“I find as I get older and older, you only have so many years left, and I would like to win one Stanley Cup and do it here… When your coach thinks we can do it, we can all do it together and this is the way it’s got to be done, that’s what it’s all about, and I think everyone on this team wants to be a part of that.”

Brent Sutter is the 14th head coach in the history of the Calgary Flames. He coached the New Jersey Devils to a 97-56-11 record over the last two seasons, claiming the Eastern Conference title last season. He is owner of the Red Deer Rebels of the Western Hockey League, whom he coached for eight years, guiding the team to a Memorial Cup in 2001.

Sutter also led Canada’s World Junior Championship teams, to consecutive Gold Medals in 2005 and 2006, with both teams remaining undefeated throughout their tournaments. He is the only Canadian coach to have ever accomplished such a feat.

As a player, Sutter went to the Stanley Cup finals four times, winning twice. He has achieved success at every level of hockey, and Flames players, fans management, and staff are looking forward to this trend continuing as he leads the team to the Stanley Cup.

Sutter left the Devils on June 8, resigning as coach to be closer to his family and the family ranch near Red Deer. The Devils gave the Flames permission to speak with Brent Sutter about the head coaching job on June 12.

Sutter had nothing but praise for Devils general manager Lou Lamoriello. "He was like a father to me. I learned a lot from him over the last two years," he said.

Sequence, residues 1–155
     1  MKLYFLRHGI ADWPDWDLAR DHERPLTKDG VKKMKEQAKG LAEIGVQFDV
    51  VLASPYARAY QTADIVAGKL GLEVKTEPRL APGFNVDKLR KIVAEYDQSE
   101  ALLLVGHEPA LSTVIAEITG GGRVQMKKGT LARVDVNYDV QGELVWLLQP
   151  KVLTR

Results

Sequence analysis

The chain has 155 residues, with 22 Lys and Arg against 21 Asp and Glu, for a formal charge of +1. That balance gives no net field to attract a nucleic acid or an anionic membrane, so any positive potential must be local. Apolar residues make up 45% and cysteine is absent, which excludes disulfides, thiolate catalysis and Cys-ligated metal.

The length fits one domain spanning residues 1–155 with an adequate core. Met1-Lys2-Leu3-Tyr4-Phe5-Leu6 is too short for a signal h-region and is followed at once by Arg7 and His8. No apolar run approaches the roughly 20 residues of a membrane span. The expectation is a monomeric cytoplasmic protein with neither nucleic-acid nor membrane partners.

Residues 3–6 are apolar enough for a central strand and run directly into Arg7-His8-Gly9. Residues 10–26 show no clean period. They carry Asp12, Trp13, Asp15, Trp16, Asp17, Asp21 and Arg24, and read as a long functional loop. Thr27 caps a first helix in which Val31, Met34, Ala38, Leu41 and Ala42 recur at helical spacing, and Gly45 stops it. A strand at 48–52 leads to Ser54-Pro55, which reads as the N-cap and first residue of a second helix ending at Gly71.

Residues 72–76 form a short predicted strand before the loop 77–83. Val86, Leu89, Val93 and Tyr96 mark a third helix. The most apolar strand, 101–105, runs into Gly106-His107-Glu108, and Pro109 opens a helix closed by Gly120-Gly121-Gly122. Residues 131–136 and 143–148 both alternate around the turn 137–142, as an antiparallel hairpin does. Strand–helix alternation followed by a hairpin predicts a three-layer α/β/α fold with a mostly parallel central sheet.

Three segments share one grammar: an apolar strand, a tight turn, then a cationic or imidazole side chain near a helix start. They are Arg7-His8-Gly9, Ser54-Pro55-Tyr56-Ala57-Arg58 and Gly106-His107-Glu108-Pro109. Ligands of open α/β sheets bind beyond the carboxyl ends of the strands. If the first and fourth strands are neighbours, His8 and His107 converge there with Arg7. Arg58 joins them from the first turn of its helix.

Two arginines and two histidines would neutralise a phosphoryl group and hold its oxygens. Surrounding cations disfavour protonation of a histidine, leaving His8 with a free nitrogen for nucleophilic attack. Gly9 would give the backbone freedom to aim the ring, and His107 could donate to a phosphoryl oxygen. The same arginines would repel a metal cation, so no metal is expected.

While he left the Devils for personal reasons, Sutter emphasized that he is committed to the Flames.

"My first commitment will be here," said the new coach. "You can't be involved in this business without making the full commitment. There was a process I went through over the last two weeks with the Flames and with everybody from home. I am able to spend time with the people I need to. This is a good fit."

Sutter, who spent eight months a year in New Jersey while his family was in Alberta, said he saw his daughter, now entering Grade 12, about 20 times in the two years he was in New Jersey.

"That to me doesn't cut it," he said. "I have to be a better dad than that."

While Sutter will find a place to live in Calgary, the commute to the farm near Red Deer is about 90 minutes.

"That's door to door. In New Jersey, if you got caught in traffic, it was an hour and half," he smiled.